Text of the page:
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Monarch Butterfly Migration Update: September 16, 2005

Today’s Update Includes

Latest Migration Maps
Click for live maps and read what each observer saw!
(Then Make Your Own Map in the classroom )

Migration Sightings
Sightings of Overnight Roosts PEAK
Migration Sightings

Highlights From the Migration Trail
"Amazing!" "Wow!" "What an incredible sight!" came the word from the Midwest on Wednesday as this fall's first classic cold front swept across the region. Here's a selection of the reports we received:

09/14/05 Mequon, WI (43.21 N, -87.95 W)
On the western shore of Lake Michigan there was "a passage of over 500 monarchs migrating south along the lake from 11:15-11:45 am. An amazing half hour!"

09/14/15 Alamo, MI (42.30 N, -85.70 W)
"Monarchs flying south from 3:30 to 4:30 pm at about 1 per minute. They were flying low over treetops and then dropping down to fly low over a 55 acre restored prairie planting..."

09/14/05 Elmhurst, IL (41.89 N, -87.94 W)
"Seven monarch butterflies were spotted within a 30 minute time period by our class in a neighborhood in Elmhurst, IL. The winds were blowing at 10-15 mph. The time of day was late afternoon, around 4:00 pm."

09/14/05 Omaha, NE (41.26 N, -95.93 W)
"As I was standing outside of my workplace on 9/14/05 at about 10:00 a.m. I saw approximately 100-150 monarchs flying south. They would come in groups of about 10-20, with many flying solo or in groups of 3-4."

09/14/05 Lincoln, NE (40.81 N, -96.71 W)
"We had 74 monarchs sighted flying through our backyard in one hour."

9/14/05 Lewistown, MO (40.81 N, -96.71 W)
"WOW! In our rural town park at about 7:15 pm, after a wonderful cold front came through bringing a north breeze, several HUNDRED monarchs! It was an incredible sight!"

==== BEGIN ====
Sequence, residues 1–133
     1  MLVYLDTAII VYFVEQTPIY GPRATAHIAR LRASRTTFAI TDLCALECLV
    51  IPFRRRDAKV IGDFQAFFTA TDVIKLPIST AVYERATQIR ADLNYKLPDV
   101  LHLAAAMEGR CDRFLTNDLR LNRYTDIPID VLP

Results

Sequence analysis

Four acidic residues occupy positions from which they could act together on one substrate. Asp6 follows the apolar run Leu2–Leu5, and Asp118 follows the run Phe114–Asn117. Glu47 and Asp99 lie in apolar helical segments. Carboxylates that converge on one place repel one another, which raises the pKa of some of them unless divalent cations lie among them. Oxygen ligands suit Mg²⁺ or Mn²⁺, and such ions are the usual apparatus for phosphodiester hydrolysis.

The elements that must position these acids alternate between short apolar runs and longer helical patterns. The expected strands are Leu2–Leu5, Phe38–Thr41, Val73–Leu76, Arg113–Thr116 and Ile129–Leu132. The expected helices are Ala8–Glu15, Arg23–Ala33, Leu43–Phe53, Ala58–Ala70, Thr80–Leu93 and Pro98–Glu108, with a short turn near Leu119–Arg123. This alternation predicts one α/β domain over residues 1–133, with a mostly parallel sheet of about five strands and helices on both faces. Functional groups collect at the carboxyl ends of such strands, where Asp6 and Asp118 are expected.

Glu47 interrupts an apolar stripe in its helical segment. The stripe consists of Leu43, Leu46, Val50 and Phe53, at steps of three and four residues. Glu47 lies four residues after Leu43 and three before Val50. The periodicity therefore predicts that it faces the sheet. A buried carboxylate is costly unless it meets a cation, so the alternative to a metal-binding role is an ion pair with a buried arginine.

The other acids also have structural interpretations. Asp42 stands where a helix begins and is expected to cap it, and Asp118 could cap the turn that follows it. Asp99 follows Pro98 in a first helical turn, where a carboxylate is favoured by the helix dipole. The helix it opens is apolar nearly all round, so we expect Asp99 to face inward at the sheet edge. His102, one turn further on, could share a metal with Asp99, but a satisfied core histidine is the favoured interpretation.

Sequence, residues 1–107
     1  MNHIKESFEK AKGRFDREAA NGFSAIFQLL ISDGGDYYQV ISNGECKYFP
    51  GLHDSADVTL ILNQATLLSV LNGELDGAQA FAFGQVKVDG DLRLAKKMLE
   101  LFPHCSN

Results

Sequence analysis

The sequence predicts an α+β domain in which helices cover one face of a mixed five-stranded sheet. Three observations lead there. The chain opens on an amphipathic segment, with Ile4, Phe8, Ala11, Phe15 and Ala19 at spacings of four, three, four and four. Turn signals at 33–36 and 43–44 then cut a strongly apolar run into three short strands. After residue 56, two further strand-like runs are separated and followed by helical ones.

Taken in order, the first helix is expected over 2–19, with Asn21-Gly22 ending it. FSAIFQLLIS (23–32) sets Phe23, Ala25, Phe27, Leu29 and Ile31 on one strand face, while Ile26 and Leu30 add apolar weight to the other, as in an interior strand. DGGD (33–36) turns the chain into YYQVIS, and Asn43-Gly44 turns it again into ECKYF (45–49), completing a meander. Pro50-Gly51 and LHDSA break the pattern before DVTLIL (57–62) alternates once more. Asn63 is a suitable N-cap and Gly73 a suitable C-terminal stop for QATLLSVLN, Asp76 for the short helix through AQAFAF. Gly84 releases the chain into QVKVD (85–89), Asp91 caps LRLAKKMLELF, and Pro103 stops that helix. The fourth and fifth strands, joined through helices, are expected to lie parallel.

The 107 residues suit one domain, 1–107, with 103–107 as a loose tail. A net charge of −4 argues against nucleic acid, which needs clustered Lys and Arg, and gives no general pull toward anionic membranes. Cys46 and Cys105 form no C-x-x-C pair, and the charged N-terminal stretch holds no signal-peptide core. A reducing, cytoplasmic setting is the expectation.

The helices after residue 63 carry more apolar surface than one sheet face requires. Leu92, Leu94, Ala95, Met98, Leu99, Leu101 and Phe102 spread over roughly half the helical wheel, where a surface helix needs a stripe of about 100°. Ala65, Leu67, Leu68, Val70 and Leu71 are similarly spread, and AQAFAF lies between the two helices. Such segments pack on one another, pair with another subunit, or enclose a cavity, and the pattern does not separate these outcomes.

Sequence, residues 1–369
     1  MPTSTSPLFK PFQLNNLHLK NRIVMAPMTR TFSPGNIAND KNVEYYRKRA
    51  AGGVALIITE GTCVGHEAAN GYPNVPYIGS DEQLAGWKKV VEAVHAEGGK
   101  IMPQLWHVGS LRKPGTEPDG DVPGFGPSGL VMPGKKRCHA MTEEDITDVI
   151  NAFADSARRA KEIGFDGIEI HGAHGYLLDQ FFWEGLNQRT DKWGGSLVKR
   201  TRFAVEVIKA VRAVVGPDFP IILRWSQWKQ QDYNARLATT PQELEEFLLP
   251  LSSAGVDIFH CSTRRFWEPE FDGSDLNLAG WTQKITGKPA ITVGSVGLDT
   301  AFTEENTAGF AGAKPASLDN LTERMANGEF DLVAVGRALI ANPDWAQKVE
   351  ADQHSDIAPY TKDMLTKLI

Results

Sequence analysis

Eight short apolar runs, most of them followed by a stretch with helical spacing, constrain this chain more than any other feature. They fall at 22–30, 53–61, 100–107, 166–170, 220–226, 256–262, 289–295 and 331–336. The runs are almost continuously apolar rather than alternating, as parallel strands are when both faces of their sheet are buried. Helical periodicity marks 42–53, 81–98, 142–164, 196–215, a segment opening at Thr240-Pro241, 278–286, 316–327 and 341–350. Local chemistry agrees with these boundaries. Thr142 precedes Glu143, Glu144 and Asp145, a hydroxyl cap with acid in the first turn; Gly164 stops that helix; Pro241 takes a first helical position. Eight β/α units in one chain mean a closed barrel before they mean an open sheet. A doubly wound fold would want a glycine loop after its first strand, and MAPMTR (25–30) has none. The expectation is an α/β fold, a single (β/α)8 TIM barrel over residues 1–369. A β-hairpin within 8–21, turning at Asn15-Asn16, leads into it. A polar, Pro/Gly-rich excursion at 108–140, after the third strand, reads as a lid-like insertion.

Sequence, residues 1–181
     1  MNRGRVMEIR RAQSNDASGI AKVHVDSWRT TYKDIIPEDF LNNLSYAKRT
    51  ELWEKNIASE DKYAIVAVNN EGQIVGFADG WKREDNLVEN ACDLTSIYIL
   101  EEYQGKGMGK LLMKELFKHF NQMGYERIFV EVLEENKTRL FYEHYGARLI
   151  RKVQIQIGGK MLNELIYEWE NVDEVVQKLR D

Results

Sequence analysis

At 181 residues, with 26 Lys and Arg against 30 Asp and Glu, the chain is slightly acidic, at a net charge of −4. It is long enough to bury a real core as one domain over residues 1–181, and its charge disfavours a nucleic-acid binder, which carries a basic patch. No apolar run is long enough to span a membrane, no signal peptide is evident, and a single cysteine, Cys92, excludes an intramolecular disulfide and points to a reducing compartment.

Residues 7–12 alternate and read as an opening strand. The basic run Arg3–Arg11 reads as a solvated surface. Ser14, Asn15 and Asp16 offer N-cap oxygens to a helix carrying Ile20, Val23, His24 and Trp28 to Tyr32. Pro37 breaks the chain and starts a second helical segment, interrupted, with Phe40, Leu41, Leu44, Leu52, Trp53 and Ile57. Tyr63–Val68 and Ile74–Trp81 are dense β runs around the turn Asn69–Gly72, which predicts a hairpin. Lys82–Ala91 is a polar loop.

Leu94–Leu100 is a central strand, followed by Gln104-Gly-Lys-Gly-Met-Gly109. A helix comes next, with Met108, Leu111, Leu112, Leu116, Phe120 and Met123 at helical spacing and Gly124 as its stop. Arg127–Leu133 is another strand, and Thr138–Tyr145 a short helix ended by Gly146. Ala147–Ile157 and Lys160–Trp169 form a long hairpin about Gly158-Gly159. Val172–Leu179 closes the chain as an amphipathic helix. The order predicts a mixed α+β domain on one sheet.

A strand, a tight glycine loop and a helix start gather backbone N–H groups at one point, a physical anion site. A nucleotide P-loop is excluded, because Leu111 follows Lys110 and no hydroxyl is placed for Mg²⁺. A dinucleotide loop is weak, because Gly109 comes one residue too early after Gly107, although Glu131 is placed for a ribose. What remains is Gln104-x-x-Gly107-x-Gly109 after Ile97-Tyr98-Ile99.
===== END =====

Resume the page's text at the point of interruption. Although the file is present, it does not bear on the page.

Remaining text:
Who Saw the Strongest Migration? "Migration Rate Math"
Read the comments above carefully and calculate the migration rate for each observation. Then answer:

Challenge Question #3
"How many monarchs per hour did each observer see? Which observer saw the strongest migration on Wednesday? Which observers, if any, were missing information you needed? Explain."

To respond to this Challenge Question, please follow these instructions.

Migration Rate

Monarchs per hour (or monarchs per minute)

What's the Migration Rate Passing Over You?
When you watch monarch migration, keep track of the number of monarchs you see AND the length of time you are watching. Please include the migration rate when you report your observations. Here's a fall migration data sheet to guide your observations:

Who Will See the Record Flight in Fall 2005?
As more and more monarchs funnel toward Mexico this fall, the numbers flying overhead will become greater and greater. Which lucky people on the ground below will see the most spectacular migration? Let's see! Hereafter, we will include the week's most impressive sighting in our weekly updates. When and where do you predict monarch migration will be strongest in fall 2005? Record this fall's record observations on this data sheet.
  • Who Will See the Record Flight in Fall 2005? Data Sheet

Migration Rate Math: Practice Worksheet (and Answers!)
Here's a chance to practice calculating the migration rate using sample observations. Put the observations in order, from most to least. (Then check your answers.)

How to Report Your ObservationsReport Your Sightings
Put your monarch news on the map! Please send reports of monarchs flying, feeding, and resting. When you report your observations, include wind speed and direction, as well as the migration rate. When you're ready to report, see:

The Next Monarch Migration Update Will Be Posted on September 23, 2005.


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